From the Editor’s Desk

I am humbled by the opportunity to work with the classic grounded theory community and to follow in the footsteps of the previous two editors, Judith Holton and Astrid Gynnild. I am excited to work closely with Barney Glaser, the editorial board, and peer reviewers. One of the most exciting aspects of the Review is the engagement of a global community of classic grounded theorists. Internationally diverse researchers from many disciplines collectively engage in this important research method. As editor, I pledge to continue international multi-disciplinary collaboration and promote the conduct and dissemination of classic grounded theories.

Glaser and Strauss developed the classic grounded theory over 50 years ago. Barney Glaser has continued to teach the classic method through writing more than 29 books and dozens of papers, leading seminars in the U.S. and Europe, and mentoring PhD students. Conducting a classic grounded theory study requires adherence to the essence, procedures, and language of the method as described by Glaser. Getting the basics right is key to developing a grounded theory. This issue includes a reprint of a chapter from Glaser’s 1992 book, Basics of Grounded Theory Analysis. In this chapter Glaser discusses how to get started, how to avoid preconception, and how to think about the grounded theory research question.

Grounded theory reverberates with diverse people because, when executed well, grounded theories illustrate human truths that are recognized beyond geographic or disciplinary boundaries. That is why a physician or sociologist can read a theory discovered by a mathematician, nurse, or dietician and acknowledge the truth embedded in the theory. This issue of the Review includes contributions from authors from Australia, Ireland, Sweden, and the U.S. with fields of study as diverse as nursing, engineering, education, psychology, and dietetics.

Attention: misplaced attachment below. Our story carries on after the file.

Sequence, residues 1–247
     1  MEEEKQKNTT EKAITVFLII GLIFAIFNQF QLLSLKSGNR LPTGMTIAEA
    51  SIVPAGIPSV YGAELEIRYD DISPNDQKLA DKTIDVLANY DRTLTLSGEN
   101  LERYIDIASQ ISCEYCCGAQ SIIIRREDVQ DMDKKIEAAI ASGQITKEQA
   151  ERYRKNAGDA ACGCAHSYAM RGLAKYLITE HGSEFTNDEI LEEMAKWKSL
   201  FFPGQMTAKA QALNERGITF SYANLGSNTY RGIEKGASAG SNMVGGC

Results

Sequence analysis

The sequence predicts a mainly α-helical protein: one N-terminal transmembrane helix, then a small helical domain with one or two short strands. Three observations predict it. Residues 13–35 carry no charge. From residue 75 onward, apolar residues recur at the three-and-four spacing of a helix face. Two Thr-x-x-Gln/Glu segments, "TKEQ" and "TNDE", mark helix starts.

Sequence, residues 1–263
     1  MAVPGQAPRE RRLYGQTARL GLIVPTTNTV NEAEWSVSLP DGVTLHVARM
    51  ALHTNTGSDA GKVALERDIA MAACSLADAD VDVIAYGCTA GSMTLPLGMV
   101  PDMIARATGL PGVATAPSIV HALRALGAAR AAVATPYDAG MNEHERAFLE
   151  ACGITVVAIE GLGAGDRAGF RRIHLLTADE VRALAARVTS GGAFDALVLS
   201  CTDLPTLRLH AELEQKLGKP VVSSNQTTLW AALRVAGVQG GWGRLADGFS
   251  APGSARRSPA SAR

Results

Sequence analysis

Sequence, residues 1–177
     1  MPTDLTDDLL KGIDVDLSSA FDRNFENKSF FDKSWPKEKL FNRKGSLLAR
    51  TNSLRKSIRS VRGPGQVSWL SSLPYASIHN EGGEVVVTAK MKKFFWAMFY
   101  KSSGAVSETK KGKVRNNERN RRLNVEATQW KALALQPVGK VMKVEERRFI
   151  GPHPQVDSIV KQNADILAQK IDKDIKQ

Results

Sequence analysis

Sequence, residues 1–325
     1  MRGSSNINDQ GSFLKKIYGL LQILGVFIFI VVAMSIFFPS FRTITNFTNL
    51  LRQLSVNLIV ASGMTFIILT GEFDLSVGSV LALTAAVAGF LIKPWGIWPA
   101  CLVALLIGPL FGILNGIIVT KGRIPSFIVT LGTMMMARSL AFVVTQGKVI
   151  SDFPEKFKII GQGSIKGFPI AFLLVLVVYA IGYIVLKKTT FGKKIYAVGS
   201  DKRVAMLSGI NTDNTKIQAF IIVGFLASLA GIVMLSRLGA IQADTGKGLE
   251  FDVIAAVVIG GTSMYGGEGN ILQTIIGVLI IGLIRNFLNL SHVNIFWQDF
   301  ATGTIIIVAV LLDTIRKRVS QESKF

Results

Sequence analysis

Susan Bush Welch delivers a powerful theory exploring how parents experience the expected death of an infant from a life-limiting congenital anomaly. The grounded theory Navigating Infant Death from Life-Limiting Congenital Anomaly includes three stages and two cutting points. The first stage is living in innocence which ends with the first cutting point of getting the bad news. The second stage is parenting in the new reality which ends with the second cutting point, death of the baby. The final stage of the theory is going on. This powerful new theory has practice implications for nurses, physicians, and other health care professionals.

In the paper Negotiating Emotional Order, Jennifer A. Klimek Yingling captures the processes that occur when women have completed initial treatment for breast cancer. The theory consists of five stages of negotiating emotional order emerge. This study will help healthcare providers who care for breast cancer survivors understand the depth of perpetual emotional impact that breast cancer survivors endure.